William Taylor, ONZM, the ‘grand old man’ of New Zealand children’s publishing, acclaimed author of richly comic novels for children and powerful fiction for young adults, died today (3 October) in Taumaranui, aged 77.
Kyle Mewburn, president of the New Zealand Society of Authors says, “Bill Taylor was undoubtedly an icon of New Zealand literature. Less well known is his enormous contribution to the wider literary community, including a stint as NZSA National President from 2001 to 2004. In 2009 he joined an illustrious group of writers appointed President of Honour. His advocacy for, and support of, all writers has left a lasting legacy.”
Taylor’s literary career began in early eighties, while he was mayor of Ohakune and a primary school principal. Six adult novels were published overseas, an apprenticeship, he always said, for his novels for children. During this period he also served six months with Volunteer Service Abroad in Bhutan.
Winning a Choysa Bursary in 1986 enabled him to become a full-time writer, producing a steady stream of books, one almost every year, until the last in 2010, a well-received memoir entitled Telling Tales: a Life in Writing.
Among his best known novels are the children’s classics Possum Perkins, The Worst Soccer Team Ever, Agnes the Sheep and Knitwits, while for young adults he produced ground-breaking novels exploring relationships between teenage boys, notably The Blue Lawn and Jerome.
- William Taylor’s novels won him multiple honours: Italy’s prestigious Premio Andersen Award, the inclusion of several novels in American Library Association and Germany’s International Youth Library’s “White Ravens” listings. He won a writers’ fellowship to the University of Iowa in 1996, and appeared at writers’ festivals in Melbourne and Chautauqua, New York State.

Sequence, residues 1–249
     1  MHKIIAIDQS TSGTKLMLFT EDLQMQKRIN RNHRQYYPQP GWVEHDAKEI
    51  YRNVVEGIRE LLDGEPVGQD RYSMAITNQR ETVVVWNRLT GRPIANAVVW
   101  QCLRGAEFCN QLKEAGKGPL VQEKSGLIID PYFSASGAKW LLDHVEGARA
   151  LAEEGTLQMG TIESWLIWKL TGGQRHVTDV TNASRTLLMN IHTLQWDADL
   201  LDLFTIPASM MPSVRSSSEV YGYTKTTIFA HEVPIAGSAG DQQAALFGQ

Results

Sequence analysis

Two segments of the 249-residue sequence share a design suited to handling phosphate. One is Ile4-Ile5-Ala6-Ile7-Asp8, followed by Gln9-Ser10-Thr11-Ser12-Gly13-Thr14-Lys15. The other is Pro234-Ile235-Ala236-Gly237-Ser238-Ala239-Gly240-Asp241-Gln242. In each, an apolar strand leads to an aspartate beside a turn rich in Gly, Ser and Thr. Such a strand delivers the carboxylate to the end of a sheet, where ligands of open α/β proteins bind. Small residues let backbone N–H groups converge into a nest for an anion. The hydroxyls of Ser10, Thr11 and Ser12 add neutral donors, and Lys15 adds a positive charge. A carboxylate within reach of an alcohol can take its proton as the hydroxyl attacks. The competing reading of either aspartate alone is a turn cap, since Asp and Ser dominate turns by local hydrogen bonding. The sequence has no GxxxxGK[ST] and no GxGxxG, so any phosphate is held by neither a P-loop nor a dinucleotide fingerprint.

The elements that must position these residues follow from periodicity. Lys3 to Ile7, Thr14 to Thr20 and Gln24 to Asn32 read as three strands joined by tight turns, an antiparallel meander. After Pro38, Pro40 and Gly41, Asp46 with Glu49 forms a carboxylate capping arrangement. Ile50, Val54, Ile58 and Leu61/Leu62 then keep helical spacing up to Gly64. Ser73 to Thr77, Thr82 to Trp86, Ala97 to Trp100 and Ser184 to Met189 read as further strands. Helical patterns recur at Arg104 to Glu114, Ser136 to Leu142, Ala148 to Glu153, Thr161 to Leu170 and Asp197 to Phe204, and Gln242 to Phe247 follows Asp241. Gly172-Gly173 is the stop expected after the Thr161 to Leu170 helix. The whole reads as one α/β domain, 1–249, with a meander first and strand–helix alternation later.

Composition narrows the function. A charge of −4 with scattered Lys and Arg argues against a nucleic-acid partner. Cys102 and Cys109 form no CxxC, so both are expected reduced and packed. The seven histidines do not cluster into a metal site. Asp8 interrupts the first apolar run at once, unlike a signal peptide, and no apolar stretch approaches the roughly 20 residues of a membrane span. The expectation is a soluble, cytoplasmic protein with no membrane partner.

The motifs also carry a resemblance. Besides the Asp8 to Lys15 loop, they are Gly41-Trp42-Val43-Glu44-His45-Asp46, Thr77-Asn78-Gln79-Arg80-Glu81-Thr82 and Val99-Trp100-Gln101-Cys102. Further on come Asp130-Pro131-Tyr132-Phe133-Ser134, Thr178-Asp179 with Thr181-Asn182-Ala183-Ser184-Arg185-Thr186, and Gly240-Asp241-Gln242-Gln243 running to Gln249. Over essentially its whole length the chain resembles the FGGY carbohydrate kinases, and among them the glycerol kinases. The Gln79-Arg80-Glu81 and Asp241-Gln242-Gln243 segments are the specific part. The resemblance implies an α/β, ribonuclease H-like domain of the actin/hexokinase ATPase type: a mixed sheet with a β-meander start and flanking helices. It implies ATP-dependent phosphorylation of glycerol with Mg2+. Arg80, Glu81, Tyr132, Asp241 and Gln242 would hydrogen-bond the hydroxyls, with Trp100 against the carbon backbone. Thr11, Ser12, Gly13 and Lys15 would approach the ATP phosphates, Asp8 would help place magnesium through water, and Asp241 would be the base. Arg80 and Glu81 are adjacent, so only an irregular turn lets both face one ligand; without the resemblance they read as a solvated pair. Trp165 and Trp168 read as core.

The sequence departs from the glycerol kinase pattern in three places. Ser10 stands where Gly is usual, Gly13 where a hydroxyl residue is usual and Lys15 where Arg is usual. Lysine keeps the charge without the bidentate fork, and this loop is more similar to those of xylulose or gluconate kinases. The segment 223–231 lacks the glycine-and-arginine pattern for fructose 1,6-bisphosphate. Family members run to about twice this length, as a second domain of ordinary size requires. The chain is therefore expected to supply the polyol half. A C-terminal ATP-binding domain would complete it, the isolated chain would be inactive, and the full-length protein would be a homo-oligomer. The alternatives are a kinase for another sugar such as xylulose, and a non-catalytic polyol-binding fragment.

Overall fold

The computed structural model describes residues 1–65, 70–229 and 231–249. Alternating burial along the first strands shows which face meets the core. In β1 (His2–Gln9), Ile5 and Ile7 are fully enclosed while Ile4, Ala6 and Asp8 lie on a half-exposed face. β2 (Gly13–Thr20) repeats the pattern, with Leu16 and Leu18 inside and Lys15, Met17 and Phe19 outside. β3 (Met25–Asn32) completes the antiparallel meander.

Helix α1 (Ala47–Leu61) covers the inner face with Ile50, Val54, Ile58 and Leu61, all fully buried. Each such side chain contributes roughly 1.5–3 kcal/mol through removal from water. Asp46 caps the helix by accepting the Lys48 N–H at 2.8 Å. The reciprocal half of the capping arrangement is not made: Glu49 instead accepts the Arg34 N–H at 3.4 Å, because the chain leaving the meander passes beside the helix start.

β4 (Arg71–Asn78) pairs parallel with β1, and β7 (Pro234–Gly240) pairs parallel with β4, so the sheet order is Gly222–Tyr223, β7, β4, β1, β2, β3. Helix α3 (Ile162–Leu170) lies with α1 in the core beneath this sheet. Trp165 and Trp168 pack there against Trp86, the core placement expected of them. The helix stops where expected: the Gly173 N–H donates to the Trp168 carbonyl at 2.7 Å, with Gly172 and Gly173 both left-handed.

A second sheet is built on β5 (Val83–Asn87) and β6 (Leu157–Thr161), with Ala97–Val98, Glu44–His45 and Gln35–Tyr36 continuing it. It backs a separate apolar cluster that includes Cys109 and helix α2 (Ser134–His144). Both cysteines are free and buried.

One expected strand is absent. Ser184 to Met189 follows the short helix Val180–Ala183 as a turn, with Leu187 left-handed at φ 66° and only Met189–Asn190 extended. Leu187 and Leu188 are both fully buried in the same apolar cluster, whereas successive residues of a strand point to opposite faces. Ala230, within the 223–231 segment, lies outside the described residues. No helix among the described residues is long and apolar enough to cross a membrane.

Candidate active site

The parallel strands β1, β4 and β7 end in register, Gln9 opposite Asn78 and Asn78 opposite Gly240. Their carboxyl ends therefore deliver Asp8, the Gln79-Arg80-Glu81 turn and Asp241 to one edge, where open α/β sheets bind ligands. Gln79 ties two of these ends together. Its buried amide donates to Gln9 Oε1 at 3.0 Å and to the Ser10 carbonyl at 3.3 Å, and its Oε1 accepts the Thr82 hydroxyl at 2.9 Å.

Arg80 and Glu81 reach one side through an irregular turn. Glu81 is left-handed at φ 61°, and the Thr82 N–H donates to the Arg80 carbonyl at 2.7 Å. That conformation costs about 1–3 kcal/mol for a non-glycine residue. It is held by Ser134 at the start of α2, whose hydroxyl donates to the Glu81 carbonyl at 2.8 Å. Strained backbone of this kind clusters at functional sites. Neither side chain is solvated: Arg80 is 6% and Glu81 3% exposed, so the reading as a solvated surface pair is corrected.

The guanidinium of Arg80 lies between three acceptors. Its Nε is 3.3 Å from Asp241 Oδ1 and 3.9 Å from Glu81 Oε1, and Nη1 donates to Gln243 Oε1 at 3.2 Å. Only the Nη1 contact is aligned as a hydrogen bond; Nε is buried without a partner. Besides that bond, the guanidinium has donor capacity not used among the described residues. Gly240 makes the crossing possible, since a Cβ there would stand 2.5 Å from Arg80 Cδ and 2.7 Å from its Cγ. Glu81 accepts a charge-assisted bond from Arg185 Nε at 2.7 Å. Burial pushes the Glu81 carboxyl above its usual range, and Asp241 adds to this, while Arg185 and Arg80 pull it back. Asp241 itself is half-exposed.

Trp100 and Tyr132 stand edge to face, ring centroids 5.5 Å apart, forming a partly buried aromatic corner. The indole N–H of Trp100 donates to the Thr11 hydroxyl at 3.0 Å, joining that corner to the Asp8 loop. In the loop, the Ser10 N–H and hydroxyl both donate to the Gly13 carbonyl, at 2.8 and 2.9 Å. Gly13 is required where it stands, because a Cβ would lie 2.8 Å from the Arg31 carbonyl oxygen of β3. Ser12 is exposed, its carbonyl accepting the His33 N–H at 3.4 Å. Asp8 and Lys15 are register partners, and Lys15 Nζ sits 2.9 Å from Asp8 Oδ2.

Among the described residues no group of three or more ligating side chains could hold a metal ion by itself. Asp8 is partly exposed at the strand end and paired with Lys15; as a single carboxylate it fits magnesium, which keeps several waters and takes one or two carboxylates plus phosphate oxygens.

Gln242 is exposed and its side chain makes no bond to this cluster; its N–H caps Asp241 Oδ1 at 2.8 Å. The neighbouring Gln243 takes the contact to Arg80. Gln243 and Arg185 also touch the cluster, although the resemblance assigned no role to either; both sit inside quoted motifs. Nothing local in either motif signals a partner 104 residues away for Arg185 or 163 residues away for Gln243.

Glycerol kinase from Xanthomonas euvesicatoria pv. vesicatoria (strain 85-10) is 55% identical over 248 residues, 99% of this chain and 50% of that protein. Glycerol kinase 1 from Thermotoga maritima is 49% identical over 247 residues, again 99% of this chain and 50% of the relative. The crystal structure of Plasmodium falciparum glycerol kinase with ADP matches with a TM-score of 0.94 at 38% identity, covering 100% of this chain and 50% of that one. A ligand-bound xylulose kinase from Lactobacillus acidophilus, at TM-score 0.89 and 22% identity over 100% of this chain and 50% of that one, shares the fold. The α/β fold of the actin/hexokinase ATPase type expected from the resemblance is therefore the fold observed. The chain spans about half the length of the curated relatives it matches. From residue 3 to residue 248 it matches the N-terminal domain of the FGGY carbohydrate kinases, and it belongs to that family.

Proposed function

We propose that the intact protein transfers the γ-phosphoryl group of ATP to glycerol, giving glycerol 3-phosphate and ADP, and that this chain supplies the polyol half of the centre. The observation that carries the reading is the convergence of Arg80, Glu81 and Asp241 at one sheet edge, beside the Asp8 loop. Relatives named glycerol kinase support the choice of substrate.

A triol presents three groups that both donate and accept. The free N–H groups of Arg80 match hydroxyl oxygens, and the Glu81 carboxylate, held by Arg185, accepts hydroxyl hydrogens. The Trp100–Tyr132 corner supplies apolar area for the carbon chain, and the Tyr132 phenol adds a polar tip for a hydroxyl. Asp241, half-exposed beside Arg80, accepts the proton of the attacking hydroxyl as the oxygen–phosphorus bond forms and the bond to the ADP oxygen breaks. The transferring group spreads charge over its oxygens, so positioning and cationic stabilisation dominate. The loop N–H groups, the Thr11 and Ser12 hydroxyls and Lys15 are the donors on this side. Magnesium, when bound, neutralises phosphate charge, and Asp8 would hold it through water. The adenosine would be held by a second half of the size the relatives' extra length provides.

- At home, his awards included the Storylines Margaret Mahy Medal for lifetime achievement and several Storylines Notable Books listings, the Esther Glen and AIM awards, as well as writers’ residencies at the Palmerston North Training Collage and later, the University of Otago.
- In 2004 he was awarded an ONZM for services to literature and the community. Until very recently, he was chairman of the National Park Community Board.
Dr Libby Limbrick, chair of the Storylines Children’s Literature Trust, says, “From his warmly humorous books for younger readers, to his thought-provoking novels for adolescents, Bill’s contribution to literature for young people has been immense.”
Among author tributes, Joy Cowley writes, “We will miss his humour, his unfailing kindness, his courage, the books that could have been, but we are so grateful for the writings we have. Through his novels, future generations who never met him, will be glad to know him.”
Writer/illustrator Gavin Bishop, and a board member of the New Zealand Book Council, says, “For many years, Bill was an ardent supporter of the Book Council’s Writers in Schools scheme, visiting hundreds, if not thousands of schools throughout the country. His often challenging and beautifully crafted writing established a high benchmark for the younger writers who followed him. His substantial body of unforgettable work will ensure that William Taylor will never be forgotten.”
Author Janice Marriott remembers Bill as a mentor. “I’ll miss his wisdom. We both loved to put humour into children’s books, and we shared many laughs about our work and our lives.”
Another long-time friend, author Tessa Duder, credits William Taylor as one of the emerging writers of the 1980s who, along with Margaret Mahy and Maurice Gee, raised New Zealand children’s fiction to a new level. “His was a unique comic voice, matched in New Zealand literature only by Mahy. Equally, he produced tough YA novels of unflinching realism, showing great sympathy for teenagers searching for a sense of self, often in terrible circumstances. As mentor of many creative writing students he was always generous and honest.”
William Taylor is survived by two sons, three grandchildren and one great-grandchild.